To recapitulate, RBSs are split into three components:
The rulebase is a big database storing all the rules.
The working memory keeps track of the symbols representing the problem.
The interpreter uses the rules to manipulate the symbols.
Interpreters can have three different inference mechanisms:
Forward chaining works on a recognize-act cycle starting from the current state. This is a simpler and more common approach.
Backward chaining works with a hypothesize–test cycle, starting from the theoretical end state. This is not quite as common, and slightly trickier to implement.
Bidirectional approaches combine both forms of chaining together.
The biggest problem with RBSs is the acquisition of knowledge; experts are needed to create the rules. The process can be simplified with these policies:
Separate the rulebase from the interpreting code, using a declarative approach.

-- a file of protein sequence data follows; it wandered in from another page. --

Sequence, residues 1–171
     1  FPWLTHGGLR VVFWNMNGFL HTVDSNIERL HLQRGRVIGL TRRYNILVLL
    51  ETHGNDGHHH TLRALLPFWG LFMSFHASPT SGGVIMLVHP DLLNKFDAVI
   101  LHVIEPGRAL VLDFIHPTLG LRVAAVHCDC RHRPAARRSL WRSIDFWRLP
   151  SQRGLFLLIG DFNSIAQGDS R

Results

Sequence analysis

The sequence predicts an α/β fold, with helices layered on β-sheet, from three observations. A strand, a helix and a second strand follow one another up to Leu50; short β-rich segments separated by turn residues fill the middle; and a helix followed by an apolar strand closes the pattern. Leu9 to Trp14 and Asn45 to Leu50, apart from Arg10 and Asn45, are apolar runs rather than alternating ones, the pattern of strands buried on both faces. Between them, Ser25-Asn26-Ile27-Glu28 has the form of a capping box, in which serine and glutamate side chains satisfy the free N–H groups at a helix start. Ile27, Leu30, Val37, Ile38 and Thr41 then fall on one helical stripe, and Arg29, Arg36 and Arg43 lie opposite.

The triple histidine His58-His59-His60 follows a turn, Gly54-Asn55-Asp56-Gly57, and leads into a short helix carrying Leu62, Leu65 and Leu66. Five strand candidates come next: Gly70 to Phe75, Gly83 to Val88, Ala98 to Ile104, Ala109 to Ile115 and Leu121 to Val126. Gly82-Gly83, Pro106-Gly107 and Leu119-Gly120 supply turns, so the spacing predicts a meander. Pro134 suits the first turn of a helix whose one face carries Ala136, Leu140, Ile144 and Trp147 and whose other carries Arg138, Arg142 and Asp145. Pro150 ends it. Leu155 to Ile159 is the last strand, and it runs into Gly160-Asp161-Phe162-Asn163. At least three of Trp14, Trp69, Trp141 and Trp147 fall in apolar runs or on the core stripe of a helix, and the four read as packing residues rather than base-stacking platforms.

Allow the rules to interact with the system using procedural effectors and sensors.
RBSs are particularly well-suited to deductive problem solving. They can also handle reactive control very well, but tend to suffer in complexity when internal symbols are required—or when sequences of outputs need to be supported. In the next chapter, we'll apply RBSs in practice to create a wall-following behavior.
There's an example that bridges the gap between RBS theory in this chapter and the next on movement. Brutus is an animat with dog-like activities, capable of following players or stopping at their feet among others (a combination of steering behaviors). Each action is expressed as a C++ if() then statement, essentially a first-generation procedural expert system. Brutus can be found on the web site at http://AiGameDev.com/ with the other animats, in binary and source form.